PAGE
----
Blue and Yellow Mixed! What Color Does Blue and Yellow Make

Wondering what color will appear once you mix blue with yellow?

Whether you need to create variety in your art or want to maximize your available color resources, mastering the art of color mixing comes as an indispensable skill in the art realm.

Not only does it permit you to manipulate your composition to evoke a particular mood, but it also allows you to relay your desired message with greater accuracy.

If you’re an artist who wants to improve their craft or an interior designer needing to get out of a rut, chances are you’re aiming to understand every aspect of color mixing.

To give you a good start, here’s everything you need to know about the colors blue and yellow – and what you can expect when you mix them.

Read on.

The Color Theory: Your Way to Mastering the Art of Color Mixing

As you all know, understanding color mixing is a prerequisite for ensuring the successful use of colors in painting. However, before you master mixing, it’s imperative to understand “Color Theory.”

Mixing Different Colors

In art and design, this refers to the set of rules and guidelines that indicate the relationship between colors and the physiological impacts that come with each of them.

For artists and designers alike, these rules and guidelines help them identify the right colors to use in their creations and evoke the right emotions from their viewers.

To help you better understand color theory, it’s wise to take a look at the “Color Wheel” first.

What is the Color Wheel?

Basically, the color wheel is the foundation of color theory. In kindergarten, this topic becomes seared in our memories as we play fun games and make exciting creations while tackling the subject.

In its basic definition, the color wheel is essentially a circular representation of the relationships between colors. In art and design, it serves as an important tool to help artists understand the science and art of using colors.

Color Wheel

Historically, the first circular color diagram was introduced by Sir Isaac Newton in 1666. However, as the years passed by, different variations of the color wheel have been introduced; among which, the RYB (or artistic) color model has become the most popular and widely used.

Under the RYB color wheel, a collection of 12 colors are divided into 3 categories: three primary colors, three secondaries, and six tertiaries.

To help you better understand each division, here are a few things you should know:

Primary Colors:

In the RYB (or subtractive) color model, the primary colors are red, yellow, and blue.

Primary Colors Red Yellow Blue

As indicated by the word “primary,” these colors act as the prime ingredients from which all other colors are derived. These colors are pure and can’t be created by simply mixing colors together.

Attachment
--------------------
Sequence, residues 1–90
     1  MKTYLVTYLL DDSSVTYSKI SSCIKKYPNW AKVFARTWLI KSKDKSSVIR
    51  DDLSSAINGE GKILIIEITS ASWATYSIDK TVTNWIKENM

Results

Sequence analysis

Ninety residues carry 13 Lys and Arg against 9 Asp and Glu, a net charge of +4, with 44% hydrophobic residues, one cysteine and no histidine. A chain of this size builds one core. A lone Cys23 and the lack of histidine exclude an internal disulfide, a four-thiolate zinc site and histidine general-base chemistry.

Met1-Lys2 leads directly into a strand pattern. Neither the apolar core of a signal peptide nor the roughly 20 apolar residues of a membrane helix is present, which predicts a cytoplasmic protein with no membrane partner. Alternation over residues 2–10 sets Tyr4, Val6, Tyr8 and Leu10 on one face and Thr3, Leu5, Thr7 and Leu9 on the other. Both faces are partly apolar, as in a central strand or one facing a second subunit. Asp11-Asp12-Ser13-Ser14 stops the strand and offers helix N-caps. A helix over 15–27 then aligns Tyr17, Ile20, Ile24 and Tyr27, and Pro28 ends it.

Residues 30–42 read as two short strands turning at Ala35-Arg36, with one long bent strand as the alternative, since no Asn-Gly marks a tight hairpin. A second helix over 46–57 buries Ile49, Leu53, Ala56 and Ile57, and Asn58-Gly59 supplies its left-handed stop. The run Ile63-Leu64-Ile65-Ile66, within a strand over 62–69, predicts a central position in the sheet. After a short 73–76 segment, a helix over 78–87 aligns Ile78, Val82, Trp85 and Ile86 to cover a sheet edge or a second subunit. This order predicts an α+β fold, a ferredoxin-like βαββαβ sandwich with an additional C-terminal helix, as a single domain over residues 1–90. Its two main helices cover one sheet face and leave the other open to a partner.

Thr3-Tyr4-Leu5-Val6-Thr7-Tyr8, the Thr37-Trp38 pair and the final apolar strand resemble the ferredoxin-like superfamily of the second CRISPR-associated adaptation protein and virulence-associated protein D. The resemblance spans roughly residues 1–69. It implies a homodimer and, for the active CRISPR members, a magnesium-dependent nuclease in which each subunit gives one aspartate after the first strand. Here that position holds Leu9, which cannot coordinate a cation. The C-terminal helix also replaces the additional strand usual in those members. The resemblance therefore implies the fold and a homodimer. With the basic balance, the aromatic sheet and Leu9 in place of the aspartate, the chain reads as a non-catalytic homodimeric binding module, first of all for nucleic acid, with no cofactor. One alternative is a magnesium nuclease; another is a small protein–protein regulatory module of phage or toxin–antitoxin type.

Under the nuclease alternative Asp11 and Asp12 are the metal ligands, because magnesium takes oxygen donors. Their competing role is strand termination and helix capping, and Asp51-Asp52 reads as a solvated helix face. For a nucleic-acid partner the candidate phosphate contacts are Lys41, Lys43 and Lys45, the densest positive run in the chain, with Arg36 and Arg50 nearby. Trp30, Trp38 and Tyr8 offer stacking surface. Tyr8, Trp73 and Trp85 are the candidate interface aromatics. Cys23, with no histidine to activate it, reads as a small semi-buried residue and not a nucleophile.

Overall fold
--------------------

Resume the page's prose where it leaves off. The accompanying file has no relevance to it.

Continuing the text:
Secondary Colors:

Meanwhile, secondary colors refer to the colors derived when you mix two primaries together.

Secondary colors

These include the color green, which comes from mixing blue and yellow together; the color orange, which is made by blending yellow and red; and the color purple, which is created when you mix blue with red.

Tertiary Colors:

Lastly, tertiary colors refer to those derived when you mix a primary with a secondary color. Overall, there are six colors that fall under this category.

Primary Colors, Secondary Colors, and Tertiary Colors Wheel Chart

These include red-orange, yellow-orange, yellow-green, blue-green, blue-violet, and red-violet.

What Color Does Blue and Yellow Make

Now that you’ve had a brief recap of the color theory and the color wheel, you’ve likely already realized (because we totally gave it away) that blue and yellow are both primary colors, which, when mixed together, will result in a secondary color: green.

Green in Design

From recreating an image of the forest, emeralds, leaves, alligators, peas, and many more, you are sure to never run out of things that exhibit the color green.

Green Interior Design

In art and design, since this secondary color is associated with nature, it is usually used to indicate growth, rebirth, and abundance.

Since it is derived by mixing blue and yellow, it presents the same calming attribute linked to the color blue and the same energy as the color yellow.

The Bottom Line

We hope you enjoyed our deep discussion on what colors blue and yellow make.

What color does blue and yellow make

Have you learned a lot from our brief discussion of color theory, color wheel, and color mixing? We hope you have!

By understanding the relationships between colors, you are sure to easily identify which among them is best to use when practicing your craft and relaying your intended messages. Learn more about the different color combinations by experimenting with your available color resources.

Let your discovery of color mixing begin today!

Anthony Tran

Anthony Tran

Hi I'm Anthony Tran the founder of Marketing Access Pass and AccessWP. I have been doing Digital Marketing professionally for over 10 years. I have a background in art and design. I love learning about the latest trends in WordPress and web design. Let's connect!

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